MOREHEAD CITY — Small kindergartners and pre-K students with big dreams entered Carteret County school doors Monday for their first full day of the 2021-22 academic year.
The 465 kindergarten and 224 pre-K students started one week after their older peers to give them a chance to come in small groups, meet their teachers and tour the school. This is done to help alleviate some of the anxiety that can accompany young children starting their school career.
Monday, parents could be seen kissing their youngsters through masks and hugging them one last time before they entered Morehead City Primary School, where they were greeted by teachers and staff, who escorted them to classrooms. Due to coronavirus restrictions, parents weren’t allowed to enter the buildings.
The MCPS parent teacher organization set up a “Boo-Hoo Yahoo Breakfast” outside the main doors. The area included a colorful balloon display where parents and students could grab a quick photo of their first day.
Erin Decker, who had twins starting kindergarten, said she was glad to see her little ones start their first day of in-person learning.
“I’m so excited for them, especially since they can start at school during COVID,” she said. “I’m excited for them to make some friends and have a good time.”
She added that she was supportive of the district mandating students and staff to wear masks.
“I’m very supportive of the mask mandate,” she said. “If they can keep kids in school through it, I am all for it. One of my daughters has asthma, so that’s another reason I support it.”
Mother Elena Torres admitted she was having mixed emotions about her daughter Sophia starting school.
“I’m nervous for her,” she said. “I wish I could have walked her down to her classroom. But I’m also excited for her at the same time.”
Ms. Torres and Sophia hooked pinky fingers and kissed just before the child headed inside.
“I made a pinky promise that I would be here to get her when school let’s out today,” she said.
Ms. Torres added that she and her daughter visited the school last week for the small group visit and she believed it helped ease some of the separation anxiety.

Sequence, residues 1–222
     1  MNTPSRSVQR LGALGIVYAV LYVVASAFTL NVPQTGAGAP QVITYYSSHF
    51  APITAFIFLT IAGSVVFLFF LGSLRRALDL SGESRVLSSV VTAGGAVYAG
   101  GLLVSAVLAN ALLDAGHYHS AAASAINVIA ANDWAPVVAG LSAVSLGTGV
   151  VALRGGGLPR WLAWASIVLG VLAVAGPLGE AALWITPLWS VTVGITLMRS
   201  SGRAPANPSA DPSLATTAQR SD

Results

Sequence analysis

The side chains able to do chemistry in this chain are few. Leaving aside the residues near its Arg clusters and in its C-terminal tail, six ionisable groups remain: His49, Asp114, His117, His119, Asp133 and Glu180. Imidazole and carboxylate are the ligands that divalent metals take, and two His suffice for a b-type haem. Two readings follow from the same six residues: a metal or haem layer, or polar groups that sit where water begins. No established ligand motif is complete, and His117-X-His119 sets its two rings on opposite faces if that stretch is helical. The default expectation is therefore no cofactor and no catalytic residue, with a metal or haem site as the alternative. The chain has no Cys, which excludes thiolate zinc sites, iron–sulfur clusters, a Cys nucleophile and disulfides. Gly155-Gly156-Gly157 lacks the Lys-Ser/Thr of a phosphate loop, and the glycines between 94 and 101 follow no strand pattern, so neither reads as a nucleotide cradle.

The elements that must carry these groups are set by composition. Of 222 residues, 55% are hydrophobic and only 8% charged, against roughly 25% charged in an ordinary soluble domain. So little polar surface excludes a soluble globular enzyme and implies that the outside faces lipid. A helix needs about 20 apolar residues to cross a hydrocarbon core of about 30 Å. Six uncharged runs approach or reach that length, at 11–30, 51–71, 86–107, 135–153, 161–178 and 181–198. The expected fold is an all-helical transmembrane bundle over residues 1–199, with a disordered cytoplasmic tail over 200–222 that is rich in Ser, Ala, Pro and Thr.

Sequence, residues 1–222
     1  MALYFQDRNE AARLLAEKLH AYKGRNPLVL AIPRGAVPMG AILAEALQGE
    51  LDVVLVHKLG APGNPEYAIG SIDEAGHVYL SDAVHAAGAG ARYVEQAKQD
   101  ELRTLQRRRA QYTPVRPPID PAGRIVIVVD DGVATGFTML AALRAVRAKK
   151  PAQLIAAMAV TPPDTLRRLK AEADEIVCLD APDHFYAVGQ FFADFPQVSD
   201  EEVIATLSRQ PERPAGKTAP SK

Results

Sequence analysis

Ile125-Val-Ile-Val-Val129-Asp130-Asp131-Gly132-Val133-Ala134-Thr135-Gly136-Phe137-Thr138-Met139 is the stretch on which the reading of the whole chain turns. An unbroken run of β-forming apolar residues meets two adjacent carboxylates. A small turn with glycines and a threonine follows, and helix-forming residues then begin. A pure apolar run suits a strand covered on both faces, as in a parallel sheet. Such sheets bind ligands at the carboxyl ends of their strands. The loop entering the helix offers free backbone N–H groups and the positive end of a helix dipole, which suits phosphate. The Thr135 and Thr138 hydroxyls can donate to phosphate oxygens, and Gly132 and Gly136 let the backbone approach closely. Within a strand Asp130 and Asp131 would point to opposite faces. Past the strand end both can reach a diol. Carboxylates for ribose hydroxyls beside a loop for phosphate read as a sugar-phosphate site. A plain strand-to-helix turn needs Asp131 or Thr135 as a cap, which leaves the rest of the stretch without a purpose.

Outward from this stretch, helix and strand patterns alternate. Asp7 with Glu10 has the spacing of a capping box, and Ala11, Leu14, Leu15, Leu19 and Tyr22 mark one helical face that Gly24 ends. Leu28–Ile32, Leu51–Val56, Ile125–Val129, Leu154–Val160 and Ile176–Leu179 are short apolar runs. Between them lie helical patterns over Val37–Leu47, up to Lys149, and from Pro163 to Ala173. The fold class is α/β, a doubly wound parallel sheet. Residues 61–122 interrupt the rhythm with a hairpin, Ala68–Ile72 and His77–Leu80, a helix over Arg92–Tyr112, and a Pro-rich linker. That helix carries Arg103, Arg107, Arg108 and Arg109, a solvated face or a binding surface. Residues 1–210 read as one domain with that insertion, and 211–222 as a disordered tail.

“She knows her teachers and is familiar with the school,” Ms. Torres said.
Many parents and children took advantage of the PTO breakfast and photo station to make new friends.
PTO president Sarah Lawrence said the organization has offered the station for many years on opening day of kindergarten and pre-K.
“We just want to let the kindergarten parents know that we’re here to support them,” she said.
MCPS guidance counselor Liz Sharkan said the school offers various support for families as they transition young children into school.
“We try to show the school as a happy place and we’re trying to introduce the children to happy people,” she said.
She offered tips on ways parents can help ease their children into the new phase of their lives.
“They can try putting a photo of themselves or a picture in their backpacks,” Ms. Sharkan said. “They can talk about all the positive things at school. Parents can also lean on other parents who have been there as places of support. It’s also good to schedule other fun things outside of school time to encourage them.”
As for ways to help children transition into wearing a mask all day, Ms. Sharkan said, “I think it just helps to hear that everyone is wearing them. The masks are so totally normalized at this time.”
As for the N.C. Pre-K program, of the 224 students enrolled, 170 are attending at county school sites and 54 are enrolled at Excel Learning Center in Morehead City.
Contact Cheryl Burke at 252-726-7081, ext. 255; email Cheryl@thenewstimes.com; or follow on Twitter @cherylccnt.